Farmers and landowners can now apply to a competitive grant scheme which aims to restore peatlands in the uplands and lowlands of England.
The Nature for Climate Peatland Grant Scheme (NCPGS) will provide funding until the scheme closes, in 2025.
It is open to private farmers and landowners, as well as environmental groups, local authorities, charities and public bodies.
Natural England says it is looking for landscape scale applications that work to restore the whole hydrological unit of a peatland.
It says this is likely to involve a number of sites and landowners, so applications from partnerships are encouraged.
The objectives of the scheme are to reduce emissions from peat by 9 megatonnes of carbon dioxide equivalents cumulatively by 2050.
The NCPGS aims to establish the process of restoring 35,000 hectares of degraded peat in England by March 2025.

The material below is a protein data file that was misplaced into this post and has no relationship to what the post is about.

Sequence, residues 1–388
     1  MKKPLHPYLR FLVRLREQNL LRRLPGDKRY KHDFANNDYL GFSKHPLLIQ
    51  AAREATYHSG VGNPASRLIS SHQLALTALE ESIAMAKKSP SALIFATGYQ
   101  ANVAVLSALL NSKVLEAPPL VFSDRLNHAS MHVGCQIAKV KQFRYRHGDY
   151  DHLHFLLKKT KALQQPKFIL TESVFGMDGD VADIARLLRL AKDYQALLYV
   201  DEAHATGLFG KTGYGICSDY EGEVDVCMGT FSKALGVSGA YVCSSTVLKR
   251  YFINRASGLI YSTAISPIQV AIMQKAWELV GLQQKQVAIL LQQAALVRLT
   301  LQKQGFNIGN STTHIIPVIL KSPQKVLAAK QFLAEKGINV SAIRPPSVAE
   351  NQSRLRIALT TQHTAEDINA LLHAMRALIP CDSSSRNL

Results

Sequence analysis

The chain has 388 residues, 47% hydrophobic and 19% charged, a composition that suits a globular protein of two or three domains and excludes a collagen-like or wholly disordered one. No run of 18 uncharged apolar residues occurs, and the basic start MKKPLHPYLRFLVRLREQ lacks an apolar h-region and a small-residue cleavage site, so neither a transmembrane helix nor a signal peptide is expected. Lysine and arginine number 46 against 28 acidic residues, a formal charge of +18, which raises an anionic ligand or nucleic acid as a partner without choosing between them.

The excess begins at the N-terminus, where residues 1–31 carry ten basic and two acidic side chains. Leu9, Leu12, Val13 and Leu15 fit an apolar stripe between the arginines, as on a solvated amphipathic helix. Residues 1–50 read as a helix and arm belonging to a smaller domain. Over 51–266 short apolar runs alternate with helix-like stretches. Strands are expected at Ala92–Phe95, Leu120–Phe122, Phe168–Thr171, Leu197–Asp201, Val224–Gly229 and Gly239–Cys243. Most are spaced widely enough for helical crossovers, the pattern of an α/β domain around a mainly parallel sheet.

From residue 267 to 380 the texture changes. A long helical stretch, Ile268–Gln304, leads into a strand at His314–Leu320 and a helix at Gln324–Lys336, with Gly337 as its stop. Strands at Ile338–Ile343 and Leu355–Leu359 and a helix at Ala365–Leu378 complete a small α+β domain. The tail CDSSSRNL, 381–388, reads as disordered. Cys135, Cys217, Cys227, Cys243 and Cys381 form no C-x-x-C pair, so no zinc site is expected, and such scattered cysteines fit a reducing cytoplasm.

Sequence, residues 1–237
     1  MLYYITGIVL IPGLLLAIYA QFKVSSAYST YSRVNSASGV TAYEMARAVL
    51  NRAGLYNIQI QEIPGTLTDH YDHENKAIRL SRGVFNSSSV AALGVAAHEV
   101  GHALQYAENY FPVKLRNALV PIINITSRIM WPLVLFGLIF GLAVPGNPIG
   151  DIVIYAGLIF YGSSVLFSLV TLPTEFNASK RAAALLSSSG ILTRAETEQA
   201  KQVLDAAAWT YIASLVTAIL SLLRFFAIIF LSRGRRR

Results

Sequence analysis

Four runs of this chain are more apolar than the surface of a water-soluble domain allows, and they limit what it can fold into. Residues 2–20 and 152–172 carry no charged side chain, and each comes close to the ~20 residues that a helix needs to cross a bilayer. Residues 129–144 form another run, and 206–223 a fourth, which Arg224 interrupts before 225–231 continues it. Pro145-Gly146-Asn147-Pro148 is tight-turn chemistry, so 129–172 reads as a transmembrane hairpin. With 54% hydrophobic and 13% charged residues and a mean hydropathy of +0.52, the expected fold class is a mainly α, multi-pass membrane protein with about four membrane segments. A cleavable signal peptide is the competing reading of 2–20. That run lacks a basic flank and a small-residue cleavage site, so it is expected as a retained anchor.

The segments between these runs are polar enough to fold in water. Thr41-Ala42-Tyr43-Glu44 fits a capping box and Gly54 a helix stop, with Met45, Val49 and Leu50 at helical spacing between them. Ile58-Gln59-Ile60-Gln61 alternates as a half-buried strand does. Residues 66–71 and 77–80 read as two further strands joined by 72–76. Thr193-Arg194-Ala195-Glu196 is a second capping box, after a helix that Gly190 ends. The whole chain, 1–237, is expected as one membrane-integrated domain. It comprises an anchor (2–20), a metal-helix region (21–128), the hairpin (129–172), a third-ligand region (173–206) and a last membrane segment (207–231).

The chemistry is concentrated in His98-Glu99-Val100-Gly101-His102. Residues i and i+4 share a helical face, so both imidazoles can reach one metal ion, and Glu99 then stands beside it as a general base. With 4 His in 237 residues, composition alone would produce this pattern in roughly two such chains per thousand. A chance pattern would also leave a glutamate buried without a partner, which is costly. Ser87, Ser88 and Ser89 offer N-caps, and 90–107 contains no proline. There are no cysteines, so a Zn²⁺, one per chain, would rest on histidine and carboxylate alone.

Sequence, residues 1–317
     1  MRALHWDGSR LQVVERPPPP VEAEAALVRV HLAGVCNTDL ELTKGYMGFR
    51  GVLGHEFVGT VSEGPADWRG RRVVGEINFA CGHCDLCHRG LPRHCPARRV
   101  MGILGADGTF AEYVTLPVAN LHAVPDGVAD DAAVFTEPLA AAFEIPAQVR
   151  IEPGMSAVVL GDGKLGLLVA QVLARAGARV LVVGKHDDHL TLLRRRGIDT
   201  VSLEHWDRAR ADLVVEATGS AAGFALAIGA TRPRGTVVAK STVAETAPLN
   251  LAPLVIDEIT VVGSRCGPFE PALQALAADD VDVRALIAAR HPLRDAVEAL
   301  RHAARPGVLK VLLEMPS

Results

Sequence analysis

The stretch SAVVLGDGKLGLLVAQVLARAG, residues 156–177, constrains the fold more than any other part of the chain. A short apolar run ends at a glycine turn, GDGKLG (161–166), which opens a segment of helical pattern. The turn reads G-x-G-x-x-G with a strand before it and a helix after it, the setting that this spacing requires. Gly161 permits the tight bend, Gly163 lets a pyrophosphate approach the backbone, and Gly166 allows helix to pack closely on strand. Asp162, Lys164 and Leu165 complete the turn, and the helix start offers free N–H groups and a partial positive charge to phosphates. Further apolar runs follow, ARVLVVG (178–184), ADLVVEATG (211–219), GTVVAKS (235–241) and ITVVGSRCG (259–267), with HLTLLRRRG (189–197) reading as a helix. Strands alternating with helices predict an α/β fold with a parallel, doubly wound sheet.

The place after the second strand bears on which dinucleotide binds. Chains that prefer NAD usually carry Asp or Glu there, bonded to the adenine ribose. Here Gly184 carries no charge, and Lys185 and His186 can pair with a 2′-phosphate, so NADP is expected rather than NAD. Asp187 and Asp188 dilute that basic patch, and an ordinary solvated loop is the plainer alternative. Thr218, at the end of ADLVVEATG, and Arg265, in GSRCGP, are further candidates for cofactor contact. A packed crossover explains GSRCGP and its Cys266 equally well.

Natural England says that applications must also provide wider benefits such as improved ecosystems and biodiversity, better water quality and natural flood management.
Two types of grant are available: the 'restoration grant' funds landscape scale restoration work on degraded peatlands in England.
Those looking at applying for this particular grant can normally apply for up to 75% of the total project costs.
However, in exceptional cases, Natural England explains that applications can apply for up to 85% of the cost.
The other grant - called the 'discovery grant' - supports applicants to gather the information they will need to apply for a restoration grant in future rounds.
Those applying for this can receive up to 100 percent of funds for these projects.
Farmers and landowners interested in applying need to register their interest through Defra’s eSourcing portal.